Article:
Sometimes the user input to SWAN is such that SWAN produces unreliable and sometimes even
unrealistic results. This may be the case if the bathymetry or the wave field is not well resolved. Be aware
here that the grid on which the computations are performed interpolates from the grids on which the input
is provided; different resolutions for these grids (which are allowed) can therefore create unexpected
interpolation patterns on the computational grid. In such cases SWAN may invoke some **internal
scenarios** or **limiters** instead of terminating the computations. The reasons for this model policy is that

- SWAN needs to be robust, and
- the problem may be only very local, or
- the problem needs to be fully computed before it can be diagnosed.

Examples are:

- The user can request that
__refraction__over one spatial grid step is limited to at most the length of a directional sector associated with one sweep (which in the absence of a current is 90^{o}). See command`NUMERIC`. This may be relevant when the depth varies considerably over one spatial grid step (e.g. at the edge of oceans or near oceanic islands with only one or two grid steps to go from oceanic depths to a shallow coast). This implies inaccurate refraction computations in such grid steps. This may be acceptable when refraction has only local effects that can be ignored but, depending on the topography, the inaccurately computed effects may radiate far into the computational area. - SWAN cannot handle wave propagation on
__super-critical current flow__. If such flow is encountered during SWAN computations, the current is locally reduced to sub-critical flow. - If the
__water depth__is less than some user-provided limit, the depth is set at that limit (default is 0.05 m, see command`SET`). - The
__user-imposed wave boundary conditions__may not be reproduced by SWAN, as SWAN replaces the*imposed*waves at the boundaries that propagate into the computational area with the*computed*waves that move out of the computational area at the boundaries. - SWAN may have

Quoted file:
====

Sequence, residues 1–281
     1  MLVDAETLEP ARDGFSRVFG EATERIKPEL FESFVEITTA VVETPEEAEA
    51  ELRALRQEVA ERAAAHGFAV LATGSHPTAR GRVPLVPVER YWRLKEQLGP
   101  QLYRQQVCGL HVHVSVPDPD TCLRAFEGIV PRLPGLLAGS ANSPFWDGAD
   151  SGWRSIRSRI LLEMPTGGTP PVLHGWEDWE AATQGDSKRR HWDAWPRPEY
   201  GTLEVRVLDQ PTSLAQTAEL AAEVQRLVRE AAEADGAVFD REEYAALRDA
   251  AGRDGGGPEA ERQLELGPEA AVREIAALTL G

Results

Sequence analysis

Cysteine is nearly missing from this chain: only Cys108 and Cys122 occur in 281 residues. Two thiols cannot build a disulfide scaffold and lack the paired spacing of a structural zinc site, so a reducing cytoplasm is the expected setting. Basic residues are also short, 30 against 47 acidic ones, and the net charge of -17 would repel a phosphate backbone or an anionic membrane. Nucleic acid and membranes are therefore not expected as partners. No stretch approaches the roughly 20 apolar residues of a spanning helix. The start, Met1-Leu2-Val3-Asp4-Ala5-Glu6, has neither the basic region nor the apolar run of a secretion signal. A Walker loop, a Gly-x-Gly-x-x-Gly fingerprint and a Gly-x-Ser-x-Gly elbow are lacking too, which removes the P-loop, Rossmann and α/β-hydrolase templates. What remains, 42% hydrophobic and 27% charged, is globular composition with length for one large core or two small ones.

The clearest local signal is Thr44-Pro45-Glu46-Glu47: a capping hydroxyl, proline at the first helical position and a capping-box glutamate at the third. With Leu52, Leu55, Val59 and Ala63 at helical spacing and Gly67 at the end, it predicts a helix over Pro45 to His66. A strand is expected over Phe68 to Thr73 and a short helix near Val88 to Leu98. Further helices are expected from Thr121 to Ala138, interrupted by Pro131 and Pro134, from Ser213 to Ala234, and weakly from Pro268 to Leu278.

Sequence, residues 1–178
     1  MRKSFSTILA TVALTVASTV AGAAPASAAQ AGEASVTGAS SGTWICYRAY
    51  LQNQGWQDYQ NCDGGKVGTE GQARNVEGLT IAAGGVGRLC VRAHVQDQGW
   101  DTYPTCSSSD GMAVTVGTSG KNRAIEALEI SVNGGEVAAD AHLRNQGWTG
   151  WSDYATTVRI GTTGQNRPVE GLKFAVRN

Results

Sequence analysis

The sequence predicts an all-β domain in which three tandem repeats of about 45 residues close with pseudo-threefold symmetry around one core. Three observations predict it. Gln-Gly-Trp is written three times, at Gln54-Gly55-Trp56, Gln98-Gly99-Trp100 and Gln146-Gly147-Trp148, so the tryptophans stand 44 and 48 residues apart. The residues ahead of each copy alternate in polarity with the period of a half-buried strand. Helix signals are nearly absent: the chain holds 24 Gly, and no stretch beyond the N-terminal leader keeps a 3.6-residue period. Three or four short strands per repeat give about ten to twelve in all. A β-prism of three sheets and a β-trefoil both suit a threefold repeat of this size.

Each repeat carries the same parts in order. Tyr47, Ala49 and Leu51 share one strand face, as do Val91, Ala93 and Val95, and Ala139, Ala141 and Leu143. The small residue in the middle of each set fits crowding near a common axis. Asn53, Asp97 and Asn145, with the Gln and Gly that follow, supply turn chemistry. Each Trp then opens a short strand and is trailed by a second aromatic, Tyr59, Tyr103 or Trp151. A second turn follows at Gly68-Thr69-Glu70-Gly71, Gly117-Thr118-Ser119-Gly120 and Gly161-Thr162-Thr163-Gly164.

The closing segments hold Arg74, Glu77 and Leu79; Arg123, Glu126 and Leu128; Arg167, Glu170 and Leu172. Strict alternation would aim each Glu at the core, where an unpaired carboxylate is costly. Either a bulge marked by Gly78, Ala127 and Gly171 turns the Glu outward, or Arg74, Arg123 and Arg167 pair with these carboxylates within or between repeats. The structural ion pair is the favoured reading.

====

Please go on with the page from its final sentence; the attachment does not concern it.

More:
__convergence__problems. There are three iteration processes in SWAN:- an iteration process for the spatial propagation of the waves,
- if ambient currents are present, an iteration process for spectral propagation (current-induced refraction and frequency shift) and
- if wave-induced set-up is requested by the user, an iteration process for solving the set-up equation.

- ad 1
- For spatial propagation the change of the wave field over one iteration is
limited to some realistic value (usually several iterations for stationary
conditions or one iteration or upgrade per time step for nonstationary
conditions; see command
`NUMERIC`). This is a common problem for all third-generation wave models (such as WAM, WAVEWATCH III and also SWAN). It does not seem to affect the result seriously in many cases but sometimes SWAN fails to converge properly.

For curvilinear grids, convergence problems may occur locally where in some points in the grid, the directions separating the 4 sweeping quadrants coincide with the given spectral directions. - ad 2
- For spectral propagation (but only current-induced refraction and frequency shift) SWAN may also not converge.
- ad 3
- For the wave-induced set-up SWAN may also not converge.

`PRINT`file.

Because of the issues described above, the results may look realistic, but they may (locally) not be accurate. Any change in these scenarios, limiters or shortcomings, in particular newly discovered coding bugs and their fixes, are published on the SWAN web site and implemented in new releases of SWAN.